- About Us
- Local Savings
- Green Editions
- Legal Notices
- Weekly Ads
Connect with Us
Regional fire authority has issues to resolve
Deciding whether to approve formation of a regional fire protection service authority to serve South Kitsap (including Port Orchard) and Bremerton requires consideration of more than the immediate steps to put the regional authority into operation.
For the indefinite future, an additional payment by Bremerton to the regional authority is the only apparent solution to the budget gap created by Bremerton’s higher costs relative to the tax revenue the regional authority would receive from levying on property within Bremerton.
Unless the budget gap can be eliminated, the additional payment would have to continue forever.
Suppose it never goes away, and the regional authority needs to go to the voters in the future for a property tax lid lift.
The limit on annual increases in the regional authority’s levy makes it inevitable that there will be future lid lift propositions. Without voter approval the levy amount can only increase by 1 percent plus new construction each year.
If the additional revenue collected within Bremerton because of a voter-approved lid lift merely reduces the city’s payment to the regional authority, the city’s voters would perhaps be less inclined to approve the higher tax.
They might agree that a lid lift is needed to maintain the same level of service, but using any part of the additional revenue to reduce the city’s payment would make it unlikely that a lid lift would provide noticeably better service.
In South Kitsap, voters might have a different opinion about the benefit to be gained from a lid lift, if they see it as necessary to make desired improvements in services they receive.
Assuming the plan approved by voters at the time they approve forming the regional authority prevents South Kitsap’s taxes from paying Bremerton’s costs, a lid lift could be used to do more than simply maintain their level of services.
The two groups of voters would be voting as one group on the ballot measure even though they have different expectations about the benefit from paying higher taxes to the regional authority.
Unless there is a way around this potential effect of the need for an additional payment from the city to the regional authority, a lid lift wouldn’t necessarily be a viable way to reduce the budget gap.
Reducing the budget gap by cutting costs until the gap disappears presents its own potential problem.
If virtually all cost reductions go toward reducing Bremerton’s additional payment, then residents of South Kitsap might never see any significant improvement in their services resulting from consolidation.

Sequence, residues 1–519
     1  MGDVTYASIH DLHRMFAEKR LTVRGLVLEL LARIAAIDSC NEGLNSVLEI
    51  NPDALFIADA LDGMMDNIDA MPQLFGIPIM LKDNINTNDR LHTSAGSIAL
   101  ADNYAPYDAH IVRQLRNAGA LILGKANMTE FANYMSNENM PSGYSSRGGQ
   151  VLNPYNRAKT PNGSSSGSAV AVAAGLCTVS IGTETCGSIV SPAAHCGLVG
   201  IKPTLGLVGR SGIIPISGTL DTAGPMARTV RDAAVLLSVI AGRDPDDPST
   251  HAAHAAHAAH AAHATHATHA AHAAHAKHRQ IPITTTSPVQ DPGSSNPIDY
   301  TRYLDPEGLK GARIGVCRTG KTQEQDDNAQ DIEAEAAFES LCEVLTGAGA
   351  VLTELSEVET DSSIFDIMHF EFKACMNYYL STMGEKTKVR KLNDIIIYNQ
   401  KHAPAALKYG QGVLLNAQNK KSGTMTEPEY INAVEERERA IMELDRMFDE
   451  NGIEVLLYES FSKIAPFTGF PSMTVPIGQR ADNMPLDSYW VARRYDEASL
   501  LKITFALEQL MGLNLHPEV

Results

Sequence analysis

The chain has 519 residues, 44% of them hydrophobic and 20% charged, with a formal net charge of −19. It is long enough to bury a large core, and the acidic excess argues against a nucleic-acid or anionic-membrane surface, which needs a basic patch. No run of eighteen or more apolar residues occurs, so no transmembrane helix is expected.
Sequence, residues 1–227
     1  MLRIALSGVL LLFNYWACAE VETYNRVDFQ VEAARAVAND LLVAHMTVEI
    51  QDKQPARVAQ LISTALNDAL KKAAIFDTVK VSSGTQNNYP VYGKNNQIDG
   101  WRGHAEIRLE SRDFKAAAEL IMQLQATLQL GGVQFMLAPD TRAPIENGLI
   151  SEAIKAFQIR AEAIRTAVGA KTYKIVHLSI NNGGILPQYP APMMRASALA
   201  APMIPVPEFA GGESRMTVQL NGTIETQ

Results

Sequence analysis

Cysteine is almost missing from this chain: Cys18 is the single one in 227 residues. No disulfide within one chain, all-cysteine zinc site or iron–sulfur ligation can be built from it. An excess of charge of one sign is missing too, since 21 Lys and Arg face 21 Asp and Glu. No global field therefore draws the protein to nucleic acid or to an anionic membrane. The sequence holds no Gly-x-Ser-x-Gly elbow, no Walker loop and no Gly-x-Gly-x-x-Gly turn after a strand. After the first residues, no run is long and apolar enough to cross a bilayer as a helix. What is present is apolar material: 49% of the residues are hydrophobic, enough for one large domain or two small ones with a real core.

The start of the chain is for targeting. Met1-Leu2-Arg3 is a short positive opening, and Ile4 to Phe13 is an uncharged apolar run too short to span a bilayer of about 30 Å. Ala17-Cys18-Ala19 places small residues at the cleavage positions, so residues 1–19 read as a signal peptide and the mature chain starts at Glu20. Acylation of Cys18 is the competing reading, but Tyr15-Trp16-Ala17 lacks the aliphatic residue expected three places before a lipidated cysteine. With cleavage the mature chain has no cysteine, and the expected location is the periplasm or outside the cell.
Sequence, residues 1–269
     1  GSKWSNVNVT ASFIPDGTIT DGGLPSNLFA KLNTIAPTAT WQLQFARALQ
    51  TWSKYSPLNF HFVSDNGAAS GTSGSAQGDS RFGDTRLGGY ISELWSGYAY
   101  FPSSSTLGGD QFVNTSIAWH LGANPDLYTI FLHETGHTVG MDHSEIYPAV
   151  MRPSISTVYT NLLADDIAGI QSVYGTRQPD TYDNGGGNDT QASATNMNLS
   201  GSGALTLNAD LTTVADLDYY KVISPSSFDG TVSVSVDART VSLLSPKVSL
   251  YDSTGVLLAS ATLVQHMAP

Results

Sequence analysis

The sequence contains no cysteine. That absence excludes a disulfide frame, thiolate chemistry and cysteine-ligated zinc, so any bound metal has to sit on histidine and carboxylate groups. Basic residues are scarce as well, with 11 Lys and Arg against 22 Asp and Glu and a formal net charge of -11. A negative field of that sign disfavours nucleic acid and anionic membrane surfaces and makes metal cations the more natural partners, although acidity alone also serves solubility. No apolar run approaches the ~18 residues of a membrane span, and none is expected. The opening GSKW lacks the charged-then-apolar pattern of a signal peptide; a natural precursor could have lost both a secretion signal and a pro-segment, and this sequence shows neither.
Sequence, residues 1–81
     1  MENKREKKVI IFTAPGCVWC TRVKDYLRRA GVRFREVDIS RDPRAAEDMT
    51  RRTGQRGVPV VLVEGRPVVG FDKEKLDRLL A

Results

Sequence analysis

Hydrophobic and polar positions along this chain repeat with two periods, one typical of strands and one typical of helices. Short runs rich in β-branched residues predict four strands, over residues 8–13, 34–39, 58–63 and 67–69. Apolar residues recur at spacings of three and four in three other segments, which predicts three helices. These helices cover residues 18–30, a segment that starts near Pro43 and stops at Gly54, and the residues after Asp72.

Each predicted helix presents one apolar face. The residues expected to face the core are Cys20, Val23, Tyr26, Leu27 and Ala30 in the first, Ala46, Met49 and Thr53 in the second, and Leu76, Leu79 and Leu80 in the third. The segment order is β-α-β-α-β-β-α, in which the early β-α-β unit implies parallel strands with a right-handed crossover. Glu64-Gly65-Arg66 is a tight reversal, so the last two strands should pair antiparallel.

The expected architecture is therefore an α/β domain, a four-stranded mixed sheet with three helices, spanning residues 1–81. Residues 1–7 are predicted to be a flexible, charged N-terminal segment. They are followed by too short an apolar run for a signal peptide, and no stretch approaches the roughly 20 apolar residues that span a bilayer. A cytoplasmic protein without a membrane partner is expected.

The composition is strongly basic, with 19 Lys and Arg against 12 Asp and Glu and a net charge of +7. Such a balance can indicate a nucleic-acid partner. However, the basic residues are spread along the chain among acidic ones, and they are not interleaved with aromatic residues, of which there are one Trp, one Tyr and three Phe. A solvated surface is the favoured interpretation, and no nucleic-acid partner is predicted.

It does South Kitsap residents little good when what was once their separate fire district organization begins performing tasks in support of Bremerton and thereby reduces Bremerton’s payment.
Consolidating the two entities — the city fire department and the South Kitsap fire district — ought to result in some cost reductions because of economies of scale, if nothing else.
But if greater efficiency can result from consolidation, and if the savings merely reduce Bremerton’s additional payment to the regional authority, then there is no clear benefit to South Kitsap residents.
One result of forming a regional authority doesn’t appear to offer the prospect of cost reductions — the need to pay for continued existence of the South Kitsap fire district and its commissioners while also paying for a separate governing board for the regional authority.
Once all the regional authority’s governing board members are elected (by November 2017 under the draft plan), voters might eliminate this added cost by dissolving the South Kitsap fire district.
But once they do so, there is no practical way for residents in unincorporated South Kitsap to withdraw from a “bad marriage,” if it later becomes obvious that the regional authority doesn’t serve them well.
Either city could withdraw from the regional authority, but there would be no government entity to act for the unincorporated areas in withdrawing.
If keeping their options open over the long term is important, voters in South Kitsap may have to accept the cost of operating two different governing entities — the fire district and the regional authority.
Bob Meadows is a Port Orchard resident.